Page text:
Fasting plasma homocysteine levels in the insulin resistance syndrome – the Framingham offspring study
Sommaire de l'article
Insulin resistance, associated metabolic abnormalities, and elevated homocysteine levels are risk factors for cardiovascular disease (CVD). We examined relationships between homocysteine levels and features of insulin resistance syndrome (IRS).
RESEARCH DESIGN AND METHODS:
We measured clinical characteristics, plasma levels of fasting homocysteine, folate, B vitamins, creatinine, and fasting and 2-h insulin and glucose levels after a 75-g oral glucose tolerance test in 2,214 subjects without CVD at the fifth examination (1991-1995) of the Framingham Offspring Study. After excluding 203 subjects with diabetes, the remaining 2,011 subjects were categorized as having none, one, two, or all three of the phenotypes of IRS: impaired glucose tolerance, hypertension, and/or a central metabolic syndrome (two or more traits: obesity, dyslipidemia, or hyperinsulinemia). In addition, in 1,592 subjects attending the sixth examination (1995-1998), we measured the urine albumin/creatinine ratio (UACR). Age-, sex-, creatinine-, vitamin-, and UACR-adjusted mean homocysteine levels or proportions with homocysteine >14 micromol/l in each phenotypic category and differences between categories were assessed with regression models.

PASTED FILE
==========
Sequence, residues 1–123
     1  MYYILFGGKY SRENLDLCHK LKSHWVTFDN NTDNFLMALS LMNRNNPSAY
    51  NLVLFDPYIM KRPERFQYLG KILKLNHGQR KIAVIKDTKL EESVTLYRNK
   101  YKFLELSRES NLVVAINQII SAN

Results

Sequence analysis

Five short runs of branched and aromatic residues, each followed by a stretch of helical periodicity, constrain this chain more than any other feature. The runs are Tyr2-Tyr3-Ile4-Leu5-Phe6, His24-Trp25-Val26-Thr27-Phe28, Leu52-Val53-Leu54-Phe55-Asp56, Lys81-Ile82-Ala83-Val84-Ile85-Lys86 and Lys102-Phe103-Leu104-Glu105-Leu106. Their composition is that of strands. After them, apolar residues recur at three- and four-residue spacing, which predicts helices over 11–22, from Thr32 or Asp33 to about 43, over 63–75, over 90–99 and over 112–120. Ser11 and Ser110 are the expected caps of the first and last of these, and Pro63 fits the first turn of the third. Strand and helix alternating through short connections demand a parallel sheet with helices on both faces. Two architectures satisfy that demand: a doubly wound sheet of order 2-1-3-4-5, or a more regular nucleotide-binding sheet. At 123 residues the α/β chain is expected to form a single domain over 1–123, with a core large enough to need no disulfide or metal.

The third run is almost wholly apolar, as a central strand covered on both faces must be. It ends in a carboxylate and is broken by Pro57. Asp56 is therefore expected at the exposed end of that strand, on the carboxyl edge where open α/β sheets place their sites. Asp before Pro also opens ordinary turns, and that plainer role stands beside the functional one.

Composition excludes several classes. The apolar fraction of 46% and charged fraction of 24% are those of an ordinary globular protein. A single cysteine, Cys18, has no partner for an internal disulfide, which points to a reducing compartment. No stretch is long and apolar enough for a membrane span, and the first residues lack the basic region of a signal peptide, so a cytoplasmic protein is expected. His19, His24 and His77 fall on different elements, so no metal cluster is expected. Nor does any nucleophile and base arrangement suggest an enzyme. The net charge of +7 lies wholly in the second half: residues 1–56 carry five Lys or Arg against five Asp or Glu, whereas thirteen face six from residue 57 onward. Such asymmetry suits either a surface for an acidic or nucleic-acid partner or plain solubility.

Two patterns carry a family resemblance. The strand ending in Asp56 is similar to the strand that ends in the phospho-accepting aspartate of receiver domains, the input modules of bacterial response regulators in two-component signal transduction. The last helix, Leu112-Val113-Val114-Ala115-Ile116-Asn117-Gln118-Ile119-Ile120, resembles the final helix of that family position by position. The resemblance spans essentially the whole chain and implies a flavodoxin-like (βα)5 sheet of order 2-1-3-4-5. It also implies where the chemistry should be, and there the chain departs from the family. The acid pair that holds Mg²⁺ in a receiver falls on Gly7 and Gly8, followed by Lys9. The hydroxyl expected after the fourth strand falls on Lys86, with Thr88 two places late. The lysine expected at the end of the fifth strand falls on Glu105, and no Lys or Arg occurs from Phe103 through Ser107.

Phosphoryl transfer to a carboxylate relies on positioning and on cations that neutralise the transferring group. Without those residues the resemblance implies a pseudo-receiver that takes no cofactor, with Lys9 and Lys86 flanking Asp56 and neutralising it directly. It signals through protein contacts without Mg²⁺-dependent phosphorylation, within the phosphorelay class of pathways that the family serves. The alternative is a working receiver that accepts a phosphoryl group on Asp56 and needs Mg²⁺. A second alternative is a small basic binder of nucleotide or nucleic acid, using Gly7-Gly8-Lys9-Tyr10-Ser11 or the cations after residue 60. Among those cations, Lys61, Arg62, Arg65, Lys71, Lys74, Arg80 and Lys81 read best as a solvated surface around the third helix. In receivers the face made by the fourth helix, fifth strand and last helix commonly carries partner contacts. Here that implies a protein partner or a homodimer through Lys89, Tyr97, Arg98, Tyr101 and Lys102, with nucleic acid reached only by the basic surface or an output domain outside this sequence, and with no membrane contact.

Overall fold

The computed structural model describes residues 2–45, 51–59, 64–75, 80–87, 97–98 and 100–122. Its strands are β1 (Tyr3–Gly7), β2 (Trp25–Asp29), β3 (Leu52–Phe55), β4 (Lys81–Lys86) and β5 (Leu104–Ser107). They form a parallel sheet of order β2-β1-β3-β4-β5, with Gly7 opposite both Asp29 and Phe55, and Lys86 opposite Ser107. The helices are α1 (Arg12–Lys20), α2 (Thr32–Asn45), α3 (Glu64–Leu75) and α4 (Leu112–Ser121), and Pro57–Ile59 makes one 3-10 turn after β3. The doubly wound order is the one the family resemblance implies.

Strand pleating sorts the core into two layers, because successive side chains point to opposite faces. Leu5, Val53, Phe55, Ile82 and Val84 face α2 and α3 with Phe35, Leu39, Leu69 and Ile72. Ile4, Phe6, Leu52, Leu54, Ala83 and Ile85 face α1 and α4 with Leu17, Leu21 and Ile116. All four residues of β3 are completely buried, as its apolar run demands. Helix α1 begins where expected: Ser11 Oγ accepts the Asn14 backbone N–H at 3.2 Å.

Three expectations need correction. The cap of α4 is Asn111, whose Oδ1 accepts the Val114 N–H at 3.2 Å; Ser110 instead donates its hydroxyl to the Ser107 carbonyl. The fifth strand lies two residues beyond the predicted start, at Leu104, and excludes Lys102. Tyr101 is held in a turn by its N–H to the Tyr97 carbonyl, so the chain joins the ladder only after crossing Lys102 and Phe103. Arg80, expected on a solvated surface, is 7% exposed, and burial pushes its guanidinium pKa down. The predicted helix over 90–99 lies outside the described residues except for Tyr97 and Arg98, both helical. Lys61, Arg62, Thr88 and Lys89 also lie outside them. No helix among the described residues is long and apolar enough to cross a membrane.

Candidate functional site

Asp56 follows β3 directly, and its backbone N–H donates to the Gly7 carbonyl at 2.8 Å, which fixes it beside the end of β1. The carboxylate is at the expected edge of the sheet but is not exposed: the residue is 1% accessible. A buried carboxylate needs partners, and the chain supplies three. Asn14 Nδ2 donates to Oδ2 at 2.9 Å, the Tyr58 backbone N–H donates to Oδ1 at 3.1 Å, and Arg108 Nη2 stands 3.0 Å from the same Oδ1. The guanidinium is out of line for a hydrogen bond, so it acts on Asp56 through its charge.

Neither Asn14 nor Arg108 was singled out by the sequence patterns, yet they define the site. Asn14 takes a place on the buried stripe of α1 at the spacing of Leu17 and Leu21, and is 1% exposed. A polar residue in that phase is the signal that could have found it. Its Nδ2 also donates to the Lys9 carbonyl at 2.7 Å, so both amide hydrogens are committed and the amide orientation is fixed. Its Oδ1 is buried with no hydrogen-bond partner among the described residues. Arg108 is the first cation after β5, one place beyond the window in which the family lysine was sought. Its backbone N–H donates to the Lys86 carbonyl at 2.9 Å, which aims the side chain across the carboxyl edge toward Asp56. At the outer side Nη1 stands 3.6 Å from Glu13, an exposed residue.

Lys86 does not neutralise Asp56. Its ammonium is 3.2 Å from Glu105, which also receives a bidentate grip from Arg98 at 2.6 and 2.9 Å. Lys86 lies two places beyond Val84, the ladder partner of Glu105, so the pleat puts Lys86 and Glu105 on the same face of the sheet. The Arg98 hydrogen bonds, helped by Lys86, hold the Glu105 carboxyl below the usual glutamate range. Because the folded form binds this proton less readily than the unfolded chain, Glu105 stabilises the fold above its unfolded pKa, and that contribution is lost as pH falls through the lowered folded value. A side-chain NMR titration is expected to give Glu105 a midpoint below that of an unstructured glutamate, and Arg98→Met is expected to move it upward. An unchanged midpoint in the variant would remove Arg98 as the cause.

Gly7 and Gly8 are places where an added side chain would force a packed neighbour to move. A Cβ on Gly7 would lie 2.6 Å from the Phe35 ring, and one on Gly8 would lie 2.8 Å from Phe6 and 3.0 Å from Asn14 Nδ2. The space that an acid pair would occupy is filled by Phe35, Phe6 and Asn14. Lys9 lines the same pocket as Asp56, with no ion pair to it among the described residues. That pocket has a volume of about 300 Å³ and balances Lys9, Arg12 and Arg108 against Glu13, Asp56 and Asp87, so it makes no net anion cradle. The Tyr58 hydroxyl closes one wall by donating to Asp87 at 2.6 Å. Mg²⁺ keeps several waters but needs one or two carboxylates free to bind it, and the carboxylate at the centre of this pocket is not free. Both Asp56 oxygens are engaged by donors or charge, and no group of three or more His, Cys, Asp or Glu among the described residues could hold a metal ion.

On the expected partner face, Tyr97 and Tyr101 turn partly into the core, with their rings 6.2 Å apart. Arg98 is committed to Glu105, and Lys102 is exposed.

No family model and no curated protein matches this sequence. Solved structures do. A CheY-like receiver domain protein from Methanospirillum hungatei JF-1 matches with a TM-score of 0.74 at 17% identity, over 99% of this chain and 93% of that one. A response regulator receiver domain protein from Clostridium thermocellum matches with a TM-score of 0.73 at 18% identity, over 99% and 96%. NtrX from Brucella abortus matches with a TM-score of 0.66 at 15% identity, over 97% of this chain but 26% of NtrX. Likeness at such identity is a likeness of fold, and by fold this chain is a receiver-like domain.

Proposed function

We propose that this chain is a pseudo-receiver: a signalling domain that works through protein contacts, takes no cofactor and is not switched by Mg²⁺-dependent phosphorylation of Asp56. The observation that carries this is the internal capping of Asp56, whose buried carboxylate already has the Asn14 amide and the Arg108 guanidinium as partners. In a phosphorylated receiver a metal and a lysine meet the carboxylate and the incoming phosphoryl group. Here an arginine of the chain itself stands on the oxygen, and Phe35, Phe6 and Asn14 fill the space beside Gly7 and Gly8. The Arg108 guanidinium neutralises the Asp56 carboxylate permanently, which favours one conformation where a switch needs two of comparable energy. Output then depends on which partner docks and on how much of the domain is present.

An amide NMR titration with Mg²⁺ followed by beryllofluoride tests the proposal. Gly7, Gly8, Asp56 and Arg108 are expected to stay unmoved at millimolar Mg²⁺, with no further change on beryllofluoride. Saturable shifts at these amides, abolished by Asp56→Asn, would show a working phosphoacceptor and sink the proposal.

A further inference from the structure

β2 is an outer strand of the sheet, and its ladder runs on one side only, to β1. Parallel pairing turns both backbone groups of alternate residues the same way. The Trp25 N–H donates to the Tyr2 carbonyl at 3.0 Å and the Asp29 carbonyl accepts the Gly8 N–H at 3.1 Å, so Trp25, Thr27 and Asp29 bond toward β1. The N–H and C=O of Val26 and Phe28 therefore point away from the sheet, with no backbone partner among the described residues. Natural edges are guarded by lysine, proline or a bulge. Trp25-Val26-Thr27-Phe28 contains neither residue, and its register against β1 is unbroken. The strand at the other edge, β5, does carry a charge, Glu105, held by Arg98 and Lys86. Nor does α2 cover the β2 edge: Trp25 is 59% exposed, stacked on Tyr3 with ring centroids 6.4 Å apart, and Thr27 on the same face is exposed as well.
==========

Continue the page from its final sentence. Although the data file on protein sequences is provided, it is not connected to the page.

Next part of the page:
The mean age of the subjects was 54 years (range 28-82); 55% were women, 12.3% had hyperinsulinemia, and 15.9% had two or more of the IRS phenotypes. Adjusted mean homocysteine levels were higher comparing those with hyperinsulinemia (9.8 µmol/l) and those without (9.4 µmol/l, P = 0.04) and were higher among subjects with two or more IRS phenotypes (9.9 µmol/l) compared with those with 1 or no phenotype (9.3 µmol/l, P = 0.003). Mean UACR levels were also higher among subjects with two or more IRS phenotypes (7.2 mg/g) compared with those with 1 or no phenotype (5.5 mg/g, P = 0.007).
Hyperhomocysteinemia and abnormal urinary albumin excretion are both associated with hyperinsulinemia and may partially account for increased risk of CVD associated with insulin resistance. Because hyperhomocysteinemia and microalbuminuria also reflect endothelial injury, these observations also support the hypothesis that endothelial dysfunction is associated with expression of the IRS.